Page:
Review: Free for Arts Festival in Salford and Manchester

Article published: Sunday, November 2nd 2014

The quiet room of the Sacred Trinity church was anything but still during the Free For Arts Festival. Distorted sounds corrupted the space, vivid jungle-greens disorientated, whilst the potent aroma of lavender strangely soothed amidst the turbulence.

mule trinity church collections

The multisensory installation at Sacred Trinity Church confounded the visitors’ expectations of the church as a quiet and sombre place.

Four graduates from the Visual Arts programme at The University of Salford organised the annual Free For Arts Festival, which took place from 3rd to 8th October. Benjamin McChrystal Plimmer, Rafael Perez, Natalie Jervis and Frida Cooper began planning the festival in February and secured funding from Forever Manchester, a charitable organisation that funds and supports community projects across Greater Manchester.

Free For Arts Festival, described as a non-profit celebration of art and performance, aims to engage local artists and art enthusiasts with a diverse ensemble of visual arts practice, but most importantly, facilitates the showing of artwork at no cost to the artist, as all venues are negotiated to be used free of charge.

Now in its fifth year, the contemporary art festival included work from over 100 artists, spanning 19 venues across Salford and Manchester. Arguably the most unique venue used was Sacred Trinity Church, the oldest church in Salford with a longstanding history of supporting the creative community.

 Kate Freeborough, one of a trio of artists who presented the exhibition Collections at Trinity Church, used the church pulpit for her performance-based work, which involved sitting for long periods whilst writing gesturally and continuously onto an enormous scroll of paper which overspilled the pulpit. It’s a versatile space both for my live work and the installed sound and collage work of the exhibition’, said Kate of the church.

 Festival Director Benjamin  McChrystal Plimmer explained what was most important to him when organising this year’s festival: ‘I wanted to establish new relations and connections between artists and venues and to give anyone the opportunity to show.’

For Cheshire-based artist Lizzie Fisher the festival was an exciting opportunity to network and exhibit with Manchester-based artists. ‘The experience has been great’, she said: ‘It’s harder for me to interact and network because I don’t live in Manchester- through the festival I’ve met a lot of people that I wouldn’t normally have encountered.’

mule coconuts

In her artwork Coalition Coconuts, artists Meg Woods invited visitors to fire balls at coconuts spray-painted with pictures of politicians.

Fisher printed artwork on T-shirts and encouraged visitors to wear them as they navigated the exhibition space- an idea intended to lead to greater interaction between audience, artwork, and artist. The strategy seemed to work, visitors were seen exchanging smiles and chats as they wore the T-shirts, it served as something of an ice-breaker as they entered the large space of the 4th floor at Federation House.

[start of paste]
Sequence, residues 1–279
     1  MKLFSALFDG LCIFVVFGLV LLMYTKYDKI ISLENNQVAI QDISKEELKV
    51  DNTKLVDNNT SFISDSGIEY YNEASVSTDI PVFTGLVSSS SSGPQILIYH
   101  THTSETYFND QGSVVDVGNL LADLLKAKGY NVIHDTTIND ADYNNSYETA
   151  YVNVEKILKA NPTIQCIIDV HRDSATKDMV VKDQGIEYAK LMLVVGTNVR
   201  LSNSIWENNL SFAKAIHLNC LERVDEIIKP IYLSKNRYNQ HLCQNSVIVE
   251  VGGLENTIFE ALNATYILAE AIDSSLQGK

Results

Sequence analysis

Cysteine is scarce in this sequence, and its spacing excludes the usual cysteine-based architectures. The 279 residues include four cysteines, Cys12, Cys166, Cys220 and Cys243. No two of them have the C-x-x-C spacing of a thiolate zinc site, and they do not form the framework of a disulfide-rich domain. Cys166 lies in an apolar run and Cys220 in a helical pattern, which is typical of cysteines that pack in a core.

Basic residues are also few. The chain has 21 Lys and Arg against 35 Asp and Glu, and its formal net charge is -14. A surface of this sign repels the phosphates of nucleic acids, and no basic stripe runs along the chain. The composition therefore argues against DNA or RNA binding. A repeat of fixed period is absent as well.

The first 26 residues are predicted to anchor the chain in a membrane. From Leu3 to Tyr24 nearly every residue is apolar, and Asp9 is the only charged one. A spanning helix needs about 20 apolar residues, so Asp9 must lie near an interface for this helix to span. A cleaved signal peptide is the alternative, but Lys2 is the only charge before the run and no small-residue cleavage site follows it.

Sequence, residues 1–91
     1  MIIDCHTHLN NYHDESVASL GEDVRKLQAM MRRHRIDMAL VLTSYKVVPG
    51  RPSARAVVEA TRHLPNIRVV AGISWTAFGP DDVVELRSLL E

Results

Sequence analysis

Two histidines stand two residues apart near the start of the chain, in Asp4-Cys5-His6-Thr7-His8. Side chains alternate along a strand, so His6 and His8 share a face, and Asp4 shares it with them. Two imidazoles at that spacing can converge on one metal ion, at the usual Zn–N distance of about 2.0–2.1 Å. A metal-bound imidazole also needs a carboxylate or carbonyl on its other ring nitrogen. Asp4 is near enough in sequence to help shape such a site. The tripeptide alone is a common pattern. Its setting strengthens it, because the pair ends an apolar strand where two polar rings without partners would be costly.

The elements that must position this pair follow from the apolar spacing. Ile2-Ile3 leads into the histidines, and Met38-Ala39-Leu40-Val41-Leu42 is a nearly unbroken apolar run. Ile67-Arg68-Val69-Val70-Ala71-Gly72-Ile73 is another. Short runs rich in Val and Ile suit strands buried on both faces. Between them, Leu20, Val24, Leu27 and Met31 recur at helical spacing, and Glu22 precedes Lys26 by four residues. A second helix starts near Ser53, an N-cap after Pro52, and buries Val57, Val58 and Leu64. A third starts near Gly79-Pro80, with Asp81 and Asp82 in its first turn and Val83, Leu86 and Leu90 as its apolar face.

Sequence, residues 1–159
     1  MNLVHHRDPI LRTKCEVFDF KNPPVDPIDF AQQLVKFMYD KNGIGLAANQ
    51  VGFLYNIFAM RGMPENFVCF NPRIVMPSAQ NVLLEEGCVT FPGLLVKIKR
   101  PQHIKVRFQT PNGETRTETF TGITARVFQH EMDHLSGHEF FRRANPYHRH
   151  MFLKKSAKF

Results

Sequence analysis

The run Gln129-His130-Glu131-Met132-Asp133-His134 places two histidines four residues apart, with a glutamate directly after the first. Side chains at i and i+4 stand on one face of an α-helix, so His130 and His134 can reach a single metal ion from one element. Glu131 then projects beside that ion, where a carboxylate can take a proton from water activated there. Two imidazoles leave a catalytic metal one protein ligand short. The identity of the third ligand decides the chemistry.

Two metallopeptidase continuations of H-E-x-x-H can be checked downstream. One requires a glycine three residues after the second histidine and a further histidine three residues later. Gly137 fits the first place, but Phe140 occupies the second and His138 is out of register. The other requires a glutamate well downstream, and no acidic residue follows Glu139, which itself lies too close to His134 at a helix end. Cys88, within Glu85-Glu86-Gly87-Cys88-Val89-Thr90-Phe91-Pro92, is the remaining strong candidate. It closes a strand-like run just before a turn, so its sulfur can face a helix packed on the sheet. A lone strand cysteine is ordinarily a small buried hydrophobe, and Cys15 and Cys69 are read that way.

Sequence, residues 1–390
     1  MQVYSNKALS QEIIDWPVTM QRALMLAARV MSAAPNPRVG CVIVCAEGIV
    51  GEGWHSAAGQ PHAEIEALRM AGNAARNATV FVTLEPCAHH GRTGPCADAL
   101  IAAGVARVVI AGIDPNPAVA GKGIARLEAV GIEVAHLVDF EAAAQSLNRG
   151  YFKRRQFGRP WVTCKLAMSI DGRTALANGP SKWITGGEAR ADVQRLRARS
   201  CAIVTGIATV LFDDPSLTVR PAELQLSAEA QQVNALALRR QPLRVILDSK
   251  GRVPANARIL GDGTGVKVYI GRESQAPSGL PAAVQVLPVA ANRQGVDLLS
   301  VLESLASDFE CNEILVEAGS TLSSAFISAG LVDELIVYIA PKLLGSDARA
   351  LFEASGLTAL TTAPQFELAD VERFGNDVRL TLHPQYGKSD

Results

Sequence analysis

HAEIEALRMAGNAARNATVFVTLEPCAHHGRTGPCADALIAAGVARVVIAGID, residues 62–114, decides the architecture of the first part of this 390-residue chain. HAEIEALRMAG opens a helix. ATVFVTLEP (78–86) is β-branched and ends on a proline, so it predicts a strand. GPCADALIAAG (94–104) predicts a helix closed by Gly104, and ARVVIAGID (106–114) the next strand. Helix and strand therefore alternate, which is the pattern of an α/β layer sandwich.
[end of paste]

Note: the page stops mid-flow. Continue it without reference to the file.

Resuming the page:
Brendan Fletcher, programme leader of the Visual Arts course at the University of Salford, praised the ambition and professionalism of his former students: ‘We’re immensely proud that our graduates have played such an important part in organising, curating and exhibiting work for Free For Arts Festival.’ He added: ‘It’s testimony to their commitment to giving something back to the community from which they emerged’.

Overall, the festival delivered an experimental yet challenging set of exhibitions this year and the eclectic mix of work on show demonstrated a level of risk-taking that is vital to ensure a continued engagement with emerging artists. While some of the painting in the Free For All show was too commercial for my taste, it dominated the central exhibition space with an unexpected elegance due to clever suspension methods.

Impressive was the quantity and quality of performance art included, which – let’s face it – often gets a bad press. On the contrary, Coalition Coconuts by Meg Woods, which incorporated spray-painted images of politicians upon real coconuts, highlighted sensitive political issues, but with a generous measure of cheeky Mancunian wit. It made the serious underlying message of the work accessible through the fun of play by inviting visitors to lob balls at the political coconut-heads, wondering if you would hit or miss. This year’s Free for Arts Festival hit the bull’s-eye in terms of satisfying the appetite of the Mancunian culture vulture and successfully showcasing some of the best of Manchester’s emerging creative talent. There’s only one thing left to ponder: can it better itself next year?

 Amy Stevenson

More: Culture, Exhibition, Manchester


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